VOL. 17 March ISSUE YEAR 2016

Shot Peening in the Automotive Industry

in Vol. 17 - March Issue - Year 2016
Two Different Ways To Intend Shot Peening In Automotive
Mario Guagliano

Mario Guagliano

There is more than one way to carry out shot peening in the automotive industry, and all these ways are related to the real use of the car whose parts are being treated and to the production volume of the car of interest. Nevertheless, two main ways can be easily recognized and addressed. It is interesting to briefly analyse these, since we can recognize two ways to apply this treatment, being at first completely different but somehow complementary.
The first, the most important from a quantitative point of view, refers to large production cars, the second to sportive cars. Why such a wide difference in the concept of shot peening if we deal with these two different cases? Well, because a remarkably different way to introduce the treatment allows for the best results in both cases.
If we look at cars produced in million units, the primary goal is to save money, have  adequate reliability and, for sure, an improvement of performance to make possible the reduction of the size of the gearbox and of the other mechanical components.
This means that the chosen plants must prioritize the efficiency in terms of production rate, cost of plants, quality and, probably, with standard, well-validated shot peening parameters that enable achievement of an adequate improvement of the fatigue cycle (sometimes not only fatigue) without forgetting the primary technical goal; that is, to achieve adequate system reliability and safety margin.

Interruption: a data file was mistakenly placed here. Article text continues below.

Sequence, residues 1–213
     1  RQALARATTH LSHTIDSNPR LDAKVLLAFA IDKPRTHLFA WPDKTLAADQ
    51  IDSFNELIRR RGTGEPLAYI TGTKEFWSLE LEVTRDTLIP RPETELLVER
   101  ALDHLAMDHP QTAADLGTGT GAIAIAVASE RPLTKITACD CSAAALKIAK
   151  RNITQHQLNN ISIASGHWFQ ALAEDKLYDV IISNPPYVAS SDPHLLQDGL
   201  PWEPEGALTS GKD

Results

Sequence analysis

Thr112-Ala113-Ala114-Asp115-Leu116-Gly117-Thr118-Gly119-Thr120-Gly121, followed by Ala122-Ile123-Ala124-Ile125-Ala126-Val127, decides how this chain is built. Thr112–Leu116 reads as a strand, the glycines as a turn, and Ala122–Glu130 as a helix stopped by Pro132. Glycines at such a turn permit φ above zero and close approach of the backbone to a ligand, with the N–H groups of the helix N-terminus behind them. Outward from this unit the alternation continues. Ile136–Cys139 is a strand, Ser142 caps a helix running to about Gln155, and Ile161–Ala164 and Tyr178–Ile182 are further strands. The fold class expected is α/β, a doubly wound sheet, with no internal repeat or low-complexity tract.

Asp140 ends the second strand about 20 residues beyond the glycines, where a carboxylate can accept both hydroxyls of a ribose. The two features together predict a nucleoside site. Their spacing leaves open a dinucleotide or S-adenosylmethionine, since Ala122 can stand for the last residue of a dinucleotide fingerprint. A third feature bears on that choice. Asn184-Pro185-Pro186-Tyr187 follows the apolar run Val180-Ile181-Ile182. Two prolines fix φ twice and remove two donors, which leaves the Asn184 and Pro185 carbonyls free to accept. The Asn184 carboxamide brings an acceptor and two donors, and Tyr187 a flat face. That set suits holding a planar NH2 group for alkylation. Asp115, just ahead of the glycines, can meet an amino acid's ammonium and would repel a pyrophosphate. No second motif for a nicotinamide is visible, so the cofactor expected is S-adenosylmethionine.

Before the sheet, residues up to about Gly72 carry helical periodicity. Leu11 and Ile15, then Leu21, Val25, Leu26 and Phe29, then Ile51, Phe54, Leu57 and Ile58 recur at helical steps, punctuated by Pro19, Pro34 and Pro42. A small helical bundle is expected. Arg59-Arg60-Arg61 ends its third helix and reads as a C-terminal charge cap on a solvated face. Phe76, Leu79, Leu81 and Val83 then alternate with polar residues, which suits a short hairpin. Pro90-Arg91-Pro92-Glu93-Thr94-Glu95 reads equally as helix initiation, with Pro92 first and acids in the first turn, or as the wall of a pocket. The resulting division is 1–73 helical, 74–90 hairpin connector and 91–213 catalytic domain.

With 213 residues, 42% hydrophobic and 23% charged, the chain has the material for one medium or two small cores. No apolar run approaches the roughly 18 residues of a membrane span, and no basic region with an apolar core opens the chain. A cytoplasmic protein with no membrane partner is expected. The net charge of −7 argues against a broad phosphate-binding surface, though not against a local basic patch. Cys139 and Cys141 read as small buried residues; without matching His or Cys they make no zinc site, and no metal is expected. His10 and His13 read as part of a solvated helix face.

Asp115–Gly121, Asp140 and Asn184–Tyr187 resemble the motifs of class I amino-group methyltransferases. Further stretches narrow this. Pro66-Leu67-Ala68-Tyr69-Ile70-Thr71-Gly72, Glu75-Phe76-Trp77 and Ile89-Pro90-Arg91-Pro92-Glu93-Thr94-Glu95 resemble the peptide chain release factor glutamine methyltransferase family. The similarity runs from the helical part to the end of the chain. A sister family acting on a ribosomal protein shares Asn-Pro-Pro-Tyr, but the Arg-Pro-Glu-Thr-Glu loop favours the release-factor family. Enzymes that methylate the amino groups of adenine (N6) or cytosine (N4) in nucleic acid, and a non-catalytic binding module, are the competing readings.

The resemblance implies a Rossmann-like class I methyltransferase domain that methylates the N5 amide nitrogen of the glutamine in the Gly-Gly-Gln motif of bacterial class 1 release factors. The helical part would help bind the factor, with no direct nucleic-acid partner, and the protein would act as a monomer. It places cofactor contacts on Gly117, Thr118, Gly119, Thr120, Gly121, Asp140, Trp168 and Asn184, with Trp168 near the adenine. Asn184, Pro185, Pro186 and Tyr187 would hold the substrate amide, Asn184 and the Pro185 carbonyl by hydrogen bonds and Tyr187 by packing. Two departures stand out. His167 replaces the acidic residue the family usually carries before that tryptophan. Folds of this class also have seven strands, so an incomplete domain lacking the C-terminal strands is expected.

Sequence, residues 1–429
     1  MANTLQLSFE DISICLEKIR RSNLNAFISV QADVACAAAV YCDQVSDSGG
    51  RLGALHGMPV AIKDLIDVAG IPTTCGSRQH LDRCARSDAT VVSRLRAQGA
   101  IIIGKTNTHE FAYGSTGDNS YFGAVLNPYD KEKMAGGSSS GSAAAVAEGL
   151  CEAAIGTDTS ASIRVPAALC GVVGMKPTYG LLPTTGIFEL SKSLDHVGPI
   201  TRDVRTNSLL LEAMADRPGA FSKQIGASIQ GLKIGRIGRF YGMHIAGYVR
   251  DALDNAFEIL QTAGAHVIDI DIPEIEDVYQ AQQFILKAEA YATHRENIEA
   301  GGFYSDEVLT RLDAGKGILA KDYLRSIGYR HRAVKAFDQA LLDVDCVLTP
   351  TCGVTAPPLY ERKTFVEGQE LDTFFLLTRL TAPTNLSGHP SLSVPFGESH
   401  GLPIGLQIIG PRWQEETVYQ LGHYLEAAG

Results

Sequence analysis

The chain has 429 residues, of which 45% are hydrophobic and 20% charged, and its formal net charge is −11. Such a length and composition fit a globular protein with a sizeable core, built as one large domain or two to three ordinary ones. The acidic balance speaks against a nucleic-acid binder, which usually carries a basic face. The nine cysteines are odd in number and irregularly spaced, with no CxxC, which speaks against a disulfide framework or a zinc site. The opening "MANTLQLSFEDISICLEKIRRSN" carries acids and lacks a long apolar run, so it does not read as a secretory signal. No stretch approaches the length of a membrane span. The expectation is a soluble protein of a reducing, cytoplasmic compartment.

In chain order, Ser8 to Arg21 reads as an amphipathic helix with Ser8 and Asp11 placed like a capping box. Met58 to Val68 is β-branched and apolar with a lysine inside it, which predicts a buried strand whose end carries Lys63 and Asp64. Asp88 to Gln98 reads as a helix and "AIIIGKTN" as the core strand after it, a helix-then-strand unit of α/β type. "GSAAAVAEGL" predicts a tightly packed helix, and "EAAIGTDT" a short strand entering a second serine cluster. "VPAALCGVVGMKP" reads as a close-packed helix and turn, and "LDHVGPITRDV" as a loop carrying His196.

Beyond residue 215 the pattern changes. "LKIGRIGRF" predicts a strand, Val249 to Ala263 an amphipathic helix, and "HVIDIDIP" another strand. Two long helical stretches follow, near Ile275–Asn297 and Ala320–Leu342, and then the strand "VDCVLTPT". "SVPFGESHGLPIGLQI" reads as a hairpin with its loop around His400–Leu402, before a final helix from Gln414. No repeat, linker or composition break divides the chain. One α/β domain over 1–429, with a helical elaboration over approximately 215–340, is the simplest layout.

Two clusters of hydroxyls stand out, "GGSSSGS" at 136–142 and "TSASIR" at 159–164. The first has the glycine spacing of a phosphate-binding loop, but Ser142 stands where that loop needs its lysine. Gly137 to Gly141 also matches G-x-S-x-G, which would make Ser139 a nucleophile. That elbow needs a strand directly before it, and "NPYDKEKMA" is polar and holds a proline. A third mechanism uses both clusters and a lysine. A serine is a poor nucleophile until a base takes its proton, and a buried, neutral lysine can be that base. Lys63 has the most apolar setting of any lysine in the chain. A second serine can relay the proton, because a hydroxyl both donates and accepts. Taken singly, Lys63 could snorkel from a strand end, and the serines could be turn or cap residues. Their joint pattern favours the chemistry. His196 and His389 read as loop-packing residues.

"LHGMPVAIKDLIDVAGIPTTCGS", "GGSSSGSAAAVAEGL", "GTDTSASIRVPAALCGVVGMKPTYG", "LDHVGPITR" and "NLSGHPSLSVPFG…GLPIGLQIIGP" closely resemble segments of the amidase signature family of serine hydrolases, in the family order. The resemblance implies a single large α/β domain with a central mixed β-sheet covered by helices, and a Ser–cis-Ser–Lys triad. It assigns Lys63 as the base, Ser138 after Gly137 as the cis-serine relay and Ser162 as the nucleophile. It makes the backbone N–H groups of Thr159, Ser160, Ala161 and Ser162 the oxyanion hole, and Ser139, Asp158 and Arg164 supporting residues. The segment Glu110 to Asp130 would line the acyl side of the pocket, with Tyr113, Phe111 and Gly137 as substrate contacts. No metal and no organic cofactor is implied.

In technological terms, it means that the choice will be oriented toward centrifugal turbine machines, which make possible the achievement of the desired production rate and uniformity of process needed for this kind of industrial process.
On the other hand, if we think of sports cars, and in particular, race cars, the budget (at least generally) is not the main concern, while the owner of the team, if adequately supported by some sponsor, wants just to win! In addition, in this case, it is possible to change some mechanical parts after one, two, or three races. If we think of shot peening, it means that the choice of the peening parameters has more degree of freedom; or, in other words, the selection of the treatment parameters can be done more carefully, considering not only the case of the infinite fatigue life but also to maximize the fatigue strength for a limited number of cycle (it means to adopt a fatigue design criterion called "safe-life"): a more difficult task!
This means also a major control of the process, an increased flexibility, and a major cost.
In other words, in this case, it is important to optimize the process, not only in terms of costs but mainly as regards the expected properties and the performances of the treated parts. Moreover, finally, allowing an achievement in reduction of weight that can be the hot point to win a race. 
In technological terms, this means that in these cases, the preferred choice of the shot peening plant will probably look at pneumatic plants. These are not able to guarantee the same production rate as the centrifugal ones but make possible a stricter control of the process and the possibility to more easily change the way shot peening is performed.
In this case, shot peening is more similar to how it is done in the aeronautic environment: and it is not a case that most of the scientific knowledge of shot peening and the relations between the process parameters and effects on the mechanical properties come from investigations and experiments done in aeronautics.
What can we learn from this issue? Indeed, it is true that many design solutions originally adopted in race cars become, sooner or later, a part of everyday cars. It would be great if this could be valid also for shot peening, with innovative and more performing solutions adopted also for large volume production cars, by following an approach similar to the one used in aeronautics.

Shot Peening in the Automotive Industry
by Mario Guagliano
Contributing Editor MFN and
Associate Professor of Technical University of Milan
20156 Milan, Italy
E-mail: mario@mfn.li